How did this happen? Oh, a combination of a radical conversion, my subsequent boycott of anything to do with the “elitist” academic world, and an eating disorder. Working as a secretary felt safe. I played a role — like Lily Tomlin wearing a fake “Waitress of the Week” name badge when she actually worked as a waitress. I showed up in offices throughout my 20s. The job labels changed — temp typist, secretary, office assistant, administrative assistant. I’m convinced that that last one is like “Associate” at Walmart — a title that pretends to confer status in lieu of higher wages.
Even though I was an activist and a musician on the side, I still dreaded that “Occupation” line on financial forms. I had to write “Secretary.” No delusions for me. I felt I had no right to call myself a musician unless I was famous, or, at the very least, self-supporting with my music.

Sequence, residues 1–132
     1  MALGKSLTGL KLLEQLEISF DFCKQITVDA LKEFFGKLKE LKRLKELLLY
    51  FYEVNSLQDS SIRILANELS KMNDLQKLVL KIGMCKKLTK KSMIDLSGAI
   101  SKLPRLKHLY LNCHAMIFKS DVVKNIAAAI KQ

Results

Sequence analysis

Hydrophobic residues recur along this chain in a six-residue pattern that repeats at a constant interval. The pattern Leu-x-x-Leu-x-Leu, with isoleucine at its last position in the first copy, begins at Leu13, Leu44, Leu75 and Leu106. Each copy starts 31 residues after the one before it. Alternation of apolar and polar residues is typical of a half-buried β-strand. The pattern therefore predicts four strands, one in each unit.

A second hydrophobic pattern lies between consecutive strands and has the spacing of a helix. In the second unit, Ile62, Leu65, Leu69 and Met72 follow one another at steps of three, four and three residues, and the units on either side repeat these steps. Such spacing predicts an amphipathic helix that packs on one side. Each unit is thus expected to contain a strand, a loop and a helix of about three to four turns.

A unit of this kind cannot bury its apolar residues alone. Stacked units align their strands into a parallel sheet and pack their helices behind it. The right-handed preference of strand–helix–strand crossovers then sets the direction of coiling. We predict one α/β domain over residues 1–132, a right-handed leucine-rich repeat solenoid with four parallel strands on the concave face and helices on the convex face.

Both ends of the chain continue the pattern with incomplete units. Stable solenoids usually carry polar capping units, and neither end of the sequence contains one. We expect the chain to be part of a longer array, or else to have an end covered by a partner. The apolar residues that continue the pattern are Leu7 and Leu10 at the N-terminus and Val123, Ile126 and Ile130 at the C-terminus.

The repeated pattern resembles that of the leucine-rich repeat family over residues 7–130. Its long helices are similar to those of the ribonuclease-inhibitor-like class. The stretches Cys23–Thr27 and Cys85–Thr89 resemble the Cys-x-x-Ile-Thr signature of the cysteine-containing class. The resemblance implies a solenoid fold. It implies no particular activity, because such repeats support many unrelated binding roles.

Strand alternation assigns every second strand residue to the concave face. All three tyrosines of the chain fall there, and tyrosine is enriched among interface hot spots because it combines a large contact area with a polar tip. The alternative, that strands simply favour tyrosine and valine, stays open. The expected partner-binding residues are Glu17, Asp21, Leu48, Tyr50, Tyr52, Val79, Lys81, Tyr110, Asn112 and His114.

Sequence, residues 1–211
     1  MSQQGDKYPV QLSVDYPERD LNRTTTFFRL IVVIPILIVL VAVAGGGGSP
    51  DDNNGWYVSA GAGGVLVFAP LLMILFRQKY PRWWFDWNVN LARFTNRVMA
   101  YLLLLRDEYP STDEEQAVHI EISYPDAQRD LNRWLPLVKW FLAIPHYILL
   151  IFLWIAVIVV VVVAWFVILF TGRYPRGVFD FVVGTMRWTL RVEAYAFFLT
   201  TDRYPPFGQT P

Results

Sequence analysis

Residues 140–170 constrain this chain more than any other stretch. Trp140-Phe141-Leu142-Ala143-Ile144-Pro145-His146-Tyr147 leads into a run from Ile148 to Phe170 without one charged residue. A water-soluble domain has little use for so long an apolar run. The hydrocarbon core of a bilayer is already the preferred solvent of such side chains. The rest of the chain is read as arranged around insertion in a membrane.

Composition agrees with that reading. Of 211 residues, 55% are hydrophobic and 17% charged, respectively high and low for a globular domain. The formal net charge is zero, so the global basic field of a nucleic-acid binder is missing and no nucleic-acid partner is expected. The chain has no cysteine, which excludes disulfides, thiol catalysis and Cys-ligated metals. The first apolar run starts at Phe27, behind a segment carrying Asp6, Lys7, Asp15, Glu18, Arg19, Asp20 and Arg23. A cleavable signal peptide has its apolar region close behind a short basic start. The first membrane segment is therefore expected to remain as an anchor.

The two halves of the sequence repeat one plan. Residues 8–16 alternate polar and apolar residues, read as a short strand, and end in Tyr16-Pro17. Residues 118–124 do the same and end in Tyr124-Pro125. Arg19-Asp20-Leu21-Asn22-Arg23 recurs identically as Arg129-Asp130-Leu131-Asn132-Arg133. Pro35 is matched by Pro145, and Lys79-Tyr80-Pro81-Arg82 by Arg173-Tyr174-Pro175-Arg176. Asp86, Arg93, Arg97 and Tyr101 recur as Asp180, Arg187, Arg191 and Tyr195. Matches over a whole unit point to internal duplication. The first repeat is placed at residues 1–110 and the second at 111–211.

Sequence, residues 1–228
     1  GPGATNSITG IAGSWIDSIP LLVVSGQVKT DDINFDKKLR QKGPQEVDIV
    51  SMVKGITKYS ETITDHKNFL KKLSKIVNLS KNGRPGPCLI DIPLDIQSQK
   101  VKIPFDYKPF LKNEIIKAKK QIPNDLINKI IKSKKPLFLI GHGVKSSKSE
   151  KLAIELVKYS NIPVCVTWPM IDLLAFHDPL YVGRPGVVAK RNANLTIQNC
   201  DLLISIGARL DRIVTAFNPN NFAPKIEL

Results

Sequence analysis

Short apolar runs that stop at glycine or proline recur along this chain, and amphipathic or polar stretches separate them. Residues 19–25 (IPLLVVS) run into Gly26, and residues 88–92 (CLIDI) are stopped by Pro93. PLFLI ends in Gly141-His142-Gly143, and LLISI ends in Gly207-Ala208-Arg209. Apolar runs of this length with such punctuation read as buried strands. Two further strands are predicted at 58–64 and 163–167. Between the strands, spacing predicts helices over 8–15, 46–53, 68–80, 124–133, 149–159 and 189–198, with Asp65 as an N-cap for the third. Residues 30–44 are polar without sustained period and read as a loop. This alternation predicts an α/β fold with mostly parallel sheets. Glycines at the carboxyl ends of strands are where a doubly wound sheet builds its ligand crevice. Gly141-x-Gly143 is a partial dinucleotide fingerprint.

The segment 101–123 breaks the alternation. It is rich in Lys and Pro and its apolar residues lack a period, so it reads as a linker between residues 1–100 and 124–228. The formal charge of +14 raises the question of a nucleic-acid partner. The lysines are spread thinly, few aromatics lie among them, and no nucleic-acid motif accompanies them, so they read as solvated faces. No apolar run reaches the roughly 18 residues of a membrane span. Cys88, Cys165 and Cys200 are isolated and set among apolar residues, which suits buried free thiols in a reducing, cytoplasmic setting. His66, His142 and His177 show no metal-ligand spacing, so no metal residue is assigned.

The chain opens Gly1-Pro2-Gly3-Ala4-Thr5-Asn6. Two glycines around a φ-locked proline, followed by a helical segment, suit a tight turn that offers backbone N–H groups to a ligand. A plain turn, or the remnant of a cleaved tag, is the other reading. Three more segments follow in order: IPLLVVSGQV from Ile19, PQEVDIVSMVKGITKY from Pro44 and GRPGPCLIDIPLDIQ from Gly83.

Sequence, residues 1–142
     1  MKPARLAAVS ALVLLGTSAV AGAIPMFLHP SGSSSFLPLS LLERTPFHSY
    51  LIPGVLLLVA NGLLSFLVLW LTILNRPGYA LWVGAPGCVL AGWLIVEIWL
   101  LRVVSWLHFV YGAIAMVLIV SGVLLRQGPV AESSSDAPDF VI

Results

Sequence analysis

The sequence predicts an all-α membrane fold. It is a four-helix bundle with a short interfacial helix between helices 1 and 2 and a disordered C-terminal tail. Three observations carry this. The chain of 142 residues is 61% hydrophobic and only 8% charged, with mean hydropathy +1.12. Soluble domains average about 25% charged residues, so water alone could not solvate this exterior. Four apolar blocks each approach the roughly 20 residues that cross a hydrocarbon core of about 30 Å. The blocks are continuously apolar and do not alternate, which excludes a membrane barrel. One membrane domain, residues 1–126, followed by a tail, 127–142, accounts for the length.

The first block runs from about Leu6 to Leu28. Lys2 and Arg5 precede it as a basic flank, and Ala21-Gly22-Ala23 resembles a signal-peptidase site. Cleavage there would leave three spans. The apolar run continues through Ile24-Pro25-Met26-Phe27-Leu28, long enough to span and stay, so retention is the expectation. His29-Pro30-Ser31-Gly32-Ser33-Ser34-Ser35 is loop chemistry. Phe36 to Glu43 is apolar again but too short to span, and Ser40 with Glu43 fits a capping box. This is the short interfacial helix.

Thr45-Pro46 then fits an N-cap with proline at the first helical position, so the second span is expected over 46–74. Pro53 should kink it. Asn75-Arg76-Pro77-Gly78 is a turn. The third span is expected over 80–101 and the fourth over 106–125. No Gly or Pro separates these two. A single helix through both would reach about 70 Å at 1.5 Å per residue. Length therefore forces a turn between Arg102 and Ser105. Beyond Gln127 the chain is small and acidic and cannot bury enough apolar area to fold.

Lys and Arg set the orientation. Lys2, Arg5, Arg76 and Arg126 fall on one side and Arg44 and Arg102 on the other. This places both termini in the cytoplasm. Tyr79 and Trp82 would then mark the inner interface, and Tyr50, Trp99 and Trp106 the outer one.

At 33, I got a full time job as a “Staff Assistant” — best-sounding term yet — at a Harvard University library. I figured I’d stay a few years, take some almost free writing courses, and keep playing folk music. Maybe my big break could still come. But when the census form came, there it was: “Occupation.” I wrote, “Library Office Assistant.” Thud. Twenty-five years went by.
But it wasn’t that bad. Nothing like getting older to loosen up those binaries. In my 40s, I realized that there was nothing wrong with being a secretary — it’s a relatively stress-free job helping others. Most secretaries also had outside work that they loved. By 50, it was obvious that fame itself was a side benefit, not a goal. Some of my professional musician friends thought I had done the smart thing, because they barely made a living and had no savings. And even “famous” artists had sometimes found that there were more important things than producing art. Depression and addiction could eat up your work as you aged.